The engine shakes while there’s a misfire because its natural balance has been disrupted. For smooth and efficient power production, engines are naturally in balance. That’s why most engines have an even number of cylinders (for example, Inline-4, Straight-6, V8, W16). Usually, while one cylinder travels up, another travels down. This balances out the forces and makes for more power and a better ride for the occupants.

(Note: Boxer/Flat engines are the most naturally balanced of the three main engine types. They’re followed by Inline/Straight engines, with V and W engines taking up the rear. V and W engines need extra components called balancing shafts to make them, well, balance.)

The engine shaking from a misfire transmits through the rest of the car by literally shaking it, a little like somebody standing in front of your car and pushing it up and down (just really quickly). The vibrations transmit exceptionally well through the powertrain.

An excellent way to spot a misfire in a manual car is to park up somewhere safe with the handbrake on, turn the engine on, and put the gearstick into neutral. With most misfires, you’ll notice excessive vibrations coming through it.

Why Might I Notice A Misfire More At Idle?

A misfire is more noticeable at idle because the engine has to work harder to maintain its speed.

You might also notice the shaking more at idle because the car is sitting still. It’s possible that, when you’re moving, these forces act to dampen the shuddering effect of the engine. Even the road noise might subconsciously impact you and distract you from the shaking when driving. However, when the car is stationary, you might be more likely to notice everything.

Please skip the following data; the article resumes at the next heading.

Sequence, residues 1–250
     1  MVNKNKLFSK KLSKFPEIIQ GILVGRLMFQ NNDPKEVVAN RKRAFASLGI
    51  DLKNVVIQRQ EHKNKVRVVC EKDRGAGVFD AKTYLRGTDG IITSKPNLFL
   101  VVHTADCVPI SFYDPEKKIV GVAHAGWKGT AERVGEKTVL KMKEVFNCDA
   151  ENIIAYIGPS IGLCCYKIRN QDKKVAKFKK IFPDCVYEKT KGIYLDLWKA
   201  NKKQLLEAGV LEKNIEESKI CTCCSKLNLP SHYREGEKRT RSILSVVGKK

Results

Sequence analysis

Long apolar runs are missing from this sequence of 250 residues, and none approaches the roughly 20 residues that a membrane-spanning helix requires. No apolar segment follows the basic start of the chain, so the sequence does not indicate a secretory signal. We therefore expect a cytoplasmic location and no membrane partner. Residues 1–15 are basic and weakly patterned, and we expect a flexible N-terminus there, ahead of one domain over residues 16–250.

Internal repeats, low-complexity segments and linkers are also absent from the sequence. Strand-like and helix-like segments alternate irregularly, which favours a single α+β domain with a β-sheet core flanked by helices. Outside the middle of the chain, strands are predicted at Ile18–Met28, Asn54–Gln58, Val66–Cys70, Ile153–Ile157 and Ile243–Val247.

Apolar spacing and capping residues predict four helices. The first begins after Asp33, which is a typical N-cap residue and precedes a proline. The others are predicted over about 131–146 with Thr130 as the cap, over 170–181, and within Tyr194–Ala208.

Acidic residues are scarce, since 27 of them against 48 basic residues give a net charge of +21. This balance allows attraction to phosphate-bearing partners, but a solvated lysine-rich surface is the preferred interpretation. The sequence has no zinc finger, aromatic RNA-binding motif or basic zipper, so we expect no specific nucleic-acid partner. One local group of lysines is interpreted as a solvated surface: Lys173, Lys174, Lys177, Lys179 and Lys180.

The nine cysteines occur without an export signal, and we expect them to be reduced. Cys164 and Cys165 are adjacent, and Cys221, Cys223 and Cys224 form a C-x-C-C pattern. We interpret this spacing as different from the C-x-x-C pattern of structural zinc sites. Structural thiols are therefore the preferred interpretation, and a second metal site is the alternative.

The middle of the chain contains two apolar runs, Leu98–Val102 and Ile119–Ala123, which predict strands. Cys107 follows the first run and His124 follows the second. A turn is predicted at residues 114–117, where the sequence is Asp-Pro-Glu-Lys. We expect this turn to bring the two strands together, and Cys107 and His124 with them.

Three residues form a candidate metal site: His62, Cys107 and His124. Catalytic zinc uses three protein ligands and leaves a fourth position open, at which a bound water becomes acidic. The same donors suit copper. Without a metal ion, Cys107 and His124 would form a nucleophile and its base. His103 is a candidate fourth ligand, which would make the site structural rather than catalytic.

If you think you might have a misfire but aren’t sure, check out the two articles linked up above. After reading those, if you’re still a little unsure, it might be best to take your car to a trusted professional mechanic.

Engine Mounts – Car Shakes At Idle

Engine mounts… well, they mount your engine in the chassis. They hold it there and act as a sort of mix of legs, arms, and suspenders.

Your engine doesn’t just sit bottom-down on a flat piece of metal. The reason? The vibrations and shaking would be so unbearable that nobody would ever choose to drive their car more than a couple of miles. It would make a horse and cart look like a luxury transport option.

(It also just wouldn’t make any sense at all, but for the purposes of this article we’ll focus on the vibration aspect.)

Instead of sitting the engine on something, manufacturers use engine mounts to sort of hold it in space. This means vibrations are far less intense. The mounts are also designed to dampen the forces going through them, reducing the feeling of the vibrations even further.

If one breaks, it’ll be unlikely to have too much of an effect on the vehicle’s overall performance. That is, you wouldn’t usually expect to see a significant drop in power output (although it could be possible if the engine has literally dropped slightly, I suppose). However, you would certainly feel the vibrations coming through from the engine much more intensely.

You might be more likely to feel this shaking at idle simply because there’s less going on to distract you from it. If you drive an automatic, try putting the car into neutral (not while you’re moving! Park up somewhere safe first!). If the shaking seems to subside, engine mounts (or transmission mounts) might be the issue.